Recipe: Hazelnut & Cherry Whole-Grain Crackers
If you’re anything like me, homemade gifts have become more and more appealing in recent years — they’re often cheaper than buying gifts at the store, and a homemade gift is sure to be something different and unexpected.
This year, these simple and delicious hazelnut and cherry crackers have made my list. They’ll stay crisp and fresh for weeks, so you can make a few batches now and have them ready to go when you need a quick gift.
If you’re a regular Kitchn reader, these crackers might look familiar to you. We’re all huge fans of store-bought Raincoast Crisps, and last year, Emma posted a delicious copycat recipe for Harvest Crackers with Cranberries and Pecans. I loved Emma’s recipe so much that I thought it would be fun to do a new spin on them — an entirely whole-grain version sweetened with just a touch of maple syrup (no added refined sugar), loaded with nuts and seeds, and studded with slightly sweet cherries and toasty hazelnuts. I also use a very similar method for making them: bake mini loaves, freeze them, slice them, and then bake the slices until crispy.
If you’ve never made your own crackers before, I promise this will be one of those “ah hah!” moments. They’re so simple to make, generally yield quite a lot, and are so much cheaper than their store-bought counterparts. This recipe is no exception. It makes a lot of crackers, and they keep for a number of weeks, so it’s always a really gratifying “stock up for the holidays” move.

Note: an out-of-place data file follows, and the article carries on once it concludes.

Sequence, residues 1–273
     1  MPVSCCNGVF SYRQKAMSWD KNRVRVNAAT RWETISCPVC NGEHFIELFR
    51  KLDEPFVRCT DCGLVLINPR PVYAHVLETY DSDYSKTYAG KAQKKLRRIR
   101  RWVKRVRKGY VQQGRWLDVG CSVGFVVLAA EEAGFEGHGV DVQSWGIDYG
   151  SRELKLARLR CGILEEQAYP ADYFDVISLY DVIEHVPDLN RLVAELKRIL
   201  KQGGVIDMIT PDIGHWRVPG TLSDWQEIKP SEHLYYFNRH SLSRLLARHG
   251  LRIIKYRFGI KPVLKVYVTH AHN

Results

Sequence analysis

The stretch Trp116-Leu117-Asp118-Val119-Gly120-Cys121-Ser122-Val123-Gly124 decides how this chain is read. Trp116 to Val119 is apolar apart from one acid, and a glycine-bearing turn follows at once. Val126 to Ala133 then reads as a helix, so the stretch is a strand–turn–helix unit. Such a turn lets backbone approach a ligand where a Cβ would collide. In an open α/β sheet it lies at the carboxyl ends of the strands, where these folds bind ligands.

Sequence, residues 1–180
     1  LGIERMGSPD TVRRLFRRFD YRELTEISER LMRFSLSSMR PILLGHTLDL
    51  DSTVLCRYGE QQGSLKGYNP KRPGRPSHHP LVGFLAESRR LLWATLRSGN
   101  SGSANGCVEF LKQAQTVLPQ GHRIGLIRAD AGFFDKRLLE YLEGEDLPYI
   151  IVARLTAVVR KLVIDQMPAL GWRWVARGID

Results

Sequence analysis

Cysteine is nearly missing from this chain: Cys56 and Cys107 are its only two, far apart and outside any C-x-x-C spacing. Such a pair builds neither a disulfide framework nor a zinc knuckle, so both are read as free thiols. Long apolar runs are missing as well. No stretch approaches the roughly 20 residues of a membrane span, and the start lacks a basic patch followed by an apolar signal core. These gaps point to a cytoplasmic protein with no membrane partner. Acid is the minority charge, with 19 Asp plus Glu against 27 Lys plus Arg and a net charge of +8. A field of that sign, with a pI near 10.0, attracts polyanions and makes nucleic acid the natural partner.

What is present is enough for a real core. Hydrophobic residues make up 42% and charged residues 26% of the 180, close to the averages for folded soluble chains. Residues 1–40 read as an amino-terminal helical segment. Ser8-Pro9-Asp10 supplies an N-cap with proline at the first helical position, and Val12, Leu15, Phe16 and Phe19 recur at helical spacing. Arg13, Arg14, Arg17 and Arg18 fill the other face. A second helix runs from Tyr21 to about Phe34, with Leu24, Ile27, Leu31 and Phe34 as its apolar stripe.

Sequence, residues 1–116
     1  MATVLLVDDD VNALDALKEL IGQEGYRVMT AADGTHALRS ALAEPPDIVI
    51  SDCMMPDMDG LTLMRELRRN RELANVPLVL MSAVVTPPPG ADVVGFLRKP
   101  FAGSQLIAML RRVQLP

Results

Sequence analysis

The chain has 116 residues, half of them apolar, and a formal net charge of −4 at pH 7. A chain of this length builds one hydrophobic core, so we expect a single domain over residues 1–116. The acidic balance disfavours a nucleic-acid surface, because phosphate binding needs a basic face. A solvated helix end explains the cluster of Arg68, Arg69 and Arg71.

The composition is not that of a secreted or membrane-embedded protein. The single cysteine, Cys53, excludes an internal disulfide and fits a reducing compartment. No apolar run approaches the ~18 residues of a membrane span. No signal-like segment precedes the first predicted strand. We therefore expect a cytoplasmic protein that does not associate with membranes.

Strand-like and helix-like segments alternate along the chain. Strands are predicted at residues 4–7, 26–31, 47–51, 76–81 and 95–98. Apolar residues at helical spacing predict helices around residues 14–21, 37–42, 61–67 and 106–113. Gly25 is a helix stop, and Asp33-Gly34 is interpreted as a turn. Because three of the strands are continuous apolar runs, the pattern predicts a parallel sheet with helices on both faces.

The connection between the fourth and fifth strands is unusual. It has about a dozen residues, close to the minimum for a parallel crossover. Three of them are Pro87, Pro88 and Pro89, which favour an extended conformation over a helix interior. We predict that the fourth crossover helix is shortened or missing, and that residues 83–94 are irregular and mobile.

If you’re living in a smaller household and don’t need a whole batch at once, the good news is that you can freeze the loaves whole and then just slice and bake as you need them. The baked crackers also keep for weeks in an airtight container.
I always end up baking off the entire batch all at once. Then I have something to bring over to friends or coworkers, or an excuse to splurge a little on fancy cheese to eat before dinner.
As with many of my recipes, these crackers are adaptable. If you’re not a fan of either cherry or hazelnut, feel free to swap in your favorite bits of dried fruits or nuts. If you prefer more seeds and want to do a nut-free version, go for it. Keep the proportions roughly the same, but other than that, this is a fun one to make just as you’d like it.
As for the whole-grain flours: I opted to use three flours in this recipe, each for different reasons. Spelt flour is the dominant flour because it is such an easy one to work with and has such a mild, neutral flavor; buckwheat flour has a beautiful, dark color and an earthy flavor; and rye flour has almost a sweet creaminess to it. I find the combination of the three results in a super flavorful cracker.
You can certainly make this recipe with 100 percent spelt flour (I have and they’re great), or even just all-purpose flour, if you’d prefer, but I do find that using this mix of whole-grain flours really boosts the flavor of these crackers. While the crackers are rather forgiving and adaptable to most any whole-grain flour, I will say that rye has less gluten than many other flours and absorbs more water than spelt flour or whole-wheat flour, so I wouldn’t use much more than the quantity listed here.